In late 1849, two years after Henry David Thoreau left Walden Pond—where he had lived for two years, two months, and two days in a cabin that he had built himself—he began the process of completely reorienting his life again. His hermit-style interlude at the pond had attracted quite a bit of attention in his hometown of Concord, Massachusetts. “Living alone on the pond in ostentatious simplicity, right in sight of a main road,” his latest biographer, Laura Dassow Walls, writes, “he became a spectacle,” admired by some and belittled by others. Thoreau’s subsequent life change was less conspicuous. Yet it engaged him in a quest more enlightening and relevant today than the proud asceticism he flaunted throughout Walden, a book that has never ceased to inspire reverence or provoke contempt.
What the 32-year-old Thoreau quietly did in the fall of 1849 was to set up a new and systematic daily regimen. In the afternoons, he went on long walks, equipped with an array of instruments: his hat for specimen-collecting, a heavy book to press plants, a spyglass to watch birds, his walking stick to take measurements, and small scraps of paper for jotting down notes. Mornings and evenings were now dedicated to serious study, including reading scientific books such as those by the German explorer and visionary thinker Alexander von Humboldt, whose Cosmos (the first volume was published in 1845) had become an international best seller.
As important, Thoreau began to use his own observations in a new way, intensifying and expanding the journal writing that he’d undertaken shortly after graduating from Harvard in 1837, apparently at Ralph Waldo Emerson’s suggestion. In the evening, he often transferred the notes from his walks into his journal, and for the rest of his life, he created long entries on the natural world in and around Concord. Thoreau was staking out a new purpose: to create a continuous, meticulous documentary record of his forays. Especially pertinent two centuries after his birth, in an era haunted by inaction on climate change, he worried over a problem that felt personal but was also spiritual and political: how to be a rigorous scientist and a poet, imaginatively connected to the vast web of natural life.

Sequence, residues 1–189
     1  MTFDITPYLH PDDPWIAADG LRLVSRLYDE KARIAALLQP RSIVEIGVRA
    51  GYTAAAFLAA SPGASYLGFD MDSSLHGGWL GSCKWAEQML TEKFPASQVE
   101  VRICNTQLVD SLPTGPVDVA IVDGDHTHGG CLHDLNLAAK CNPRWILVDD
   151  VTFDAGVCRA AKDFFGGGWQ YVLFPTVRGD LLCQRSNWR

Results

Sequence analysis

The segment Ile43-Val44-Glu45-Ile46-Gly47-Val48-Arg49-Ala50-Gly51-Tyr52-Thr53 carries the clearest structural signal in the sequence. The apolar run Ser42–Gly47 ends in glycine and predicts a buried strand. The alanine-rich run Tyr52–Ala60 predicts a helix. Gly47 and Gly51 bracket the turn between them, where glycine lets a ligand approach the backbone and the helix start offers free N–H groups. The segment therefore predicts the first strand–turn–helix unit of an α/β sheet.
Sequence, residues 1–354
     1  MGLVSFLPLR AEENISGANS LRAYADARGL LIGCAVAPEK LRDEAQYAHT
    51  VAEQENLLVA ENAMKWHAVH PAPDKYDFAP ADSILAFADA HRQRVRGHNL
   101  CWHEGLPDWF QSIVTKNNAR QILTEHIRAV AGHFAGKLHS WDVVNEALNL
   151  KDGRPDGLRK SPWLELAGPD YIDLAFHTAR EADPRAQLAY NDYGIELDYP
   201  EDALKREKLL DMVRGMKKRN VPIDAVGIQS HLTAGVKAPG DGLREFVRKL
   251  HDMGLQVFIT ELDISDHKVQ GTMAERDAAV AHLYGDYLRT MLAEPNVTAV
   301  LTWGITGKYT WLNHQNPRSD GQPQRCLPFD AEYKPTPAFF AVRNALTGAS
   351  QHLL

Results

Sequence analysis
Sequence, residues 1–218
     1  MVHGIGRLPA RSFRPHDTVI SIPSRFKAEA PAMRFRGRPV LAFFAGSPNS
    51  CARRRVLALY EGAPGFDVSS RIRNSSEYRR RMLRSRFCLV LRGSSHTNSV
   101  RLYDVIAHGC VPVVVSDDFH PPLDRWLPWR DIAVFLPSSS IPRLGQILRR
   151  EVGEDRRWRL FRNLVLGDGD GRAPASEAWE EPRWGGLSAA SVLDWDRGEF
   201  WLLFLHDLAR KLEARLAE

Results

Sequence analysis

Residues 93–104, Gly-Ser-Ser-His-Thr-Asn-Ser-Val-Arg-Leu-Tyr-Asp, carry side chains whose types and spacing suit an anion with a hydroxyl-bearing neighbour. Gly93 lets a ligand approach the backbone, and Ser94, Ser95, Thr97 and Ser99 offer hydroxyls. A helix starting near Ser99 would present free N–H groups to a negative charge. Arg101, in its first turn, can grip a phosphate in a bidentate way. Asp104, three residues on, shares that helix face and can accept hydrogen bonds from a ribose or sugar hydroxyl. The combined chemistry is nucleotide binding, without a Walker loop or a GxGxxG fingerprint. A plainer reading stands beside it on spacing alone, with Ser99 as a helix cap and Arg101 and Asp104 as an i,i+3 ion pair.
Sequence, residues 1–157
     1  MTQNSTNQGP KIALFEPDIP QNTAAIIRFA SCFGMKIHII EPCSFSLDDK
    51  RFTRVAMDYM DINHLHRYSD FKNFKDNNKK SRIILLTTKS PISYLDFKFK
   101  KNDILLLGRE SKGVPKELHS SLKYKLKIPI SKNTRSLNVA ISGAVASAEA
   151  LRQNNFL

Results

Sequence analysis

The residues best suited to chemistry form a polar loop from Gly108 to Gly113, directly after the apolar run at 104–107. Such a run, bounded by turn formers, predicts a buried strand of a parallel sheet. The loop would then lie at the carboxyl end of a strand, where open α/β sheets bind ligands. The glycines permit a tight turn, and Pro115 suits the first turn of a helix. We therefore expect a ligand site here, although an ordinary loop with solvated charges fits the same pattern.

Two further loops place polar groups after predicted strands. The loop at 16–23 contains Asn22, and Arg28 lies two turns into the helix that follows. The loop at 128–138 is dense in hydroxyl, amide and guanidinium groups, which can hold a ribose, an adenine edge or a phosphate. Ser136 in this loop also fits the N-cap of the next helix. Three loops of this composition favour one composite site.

Thoreau’s real masterpiece is not Walden but the 2-million-word journal that he kept until six months before he died. Its continuing relevance lies in the vivid spectacle of a man wrestling with tensions that still confound us. The journal illustrates his almost daily balancing act between recording scrupulous observations of nature and expressing sheer joy at the beauty of it all. Romantic predecessors like Samuel Taylor Coleridge and, centuries before that, polymaths like Leonardo da Vinci thrived on the interplay between subjective and objective exploration of the world. For Leonardo, engineering and math infused painting and sculpture; Coleridge said that he attended chemistry lectures to enlarge his “stock of metaphors.”
For Thoreau, along with his fellow Transcendentalists, the by-now familiar dichotomy between the arts and the sciences had begun to hold sway. (The word scientist was coined in 1834, as the sciences were becoming professionalized and specialized.) Thoreau felt the disjunction acutely, and his journal lays bare both his fascinated scrutiny of the most intricate factual details and his fear of losing his grasp of nature or the cosmos as a whole.
Today scientists churn out data-stuffed reports assessing the perils we face—shrinking Arctic ice, rising sea levels, extreme floods and droughts, the acidification of oceans, forest fires. Their daunting graphs, tables, and technical language stir up debates and doubts. Such dry projections, devoid of poetry and imagination, serve as an implicit summons to experts to come up with solutions. Crucial though the data and reports are, they eclipse precisely the sort of immediate, intuitive, sensual experiences of nature that are, in our Anthropocene era, all too rare. For Thoreau, a sense of wonder—of awe toward, but also oneness with, nature—was essential. We will, he understood, protect only what we love.
On the bicentenary of his birth, Thoreau the journal writer is in the limelight. “This Ever New Self: Thoreau and His Journal,” an exhibit that began at the Morgan Library, in New York, is now at the Concord Museum through early 2018. Eight of a projected 17 volumes of the journal have been published by Princeton University Press so far, and the transcripts and copies of the others are available online. For those daunted by the millions of words, selections of Thoreau’s observations on trees, wildflowers, and animals stand out in the recent flurry of publications and offer a fascinating taster.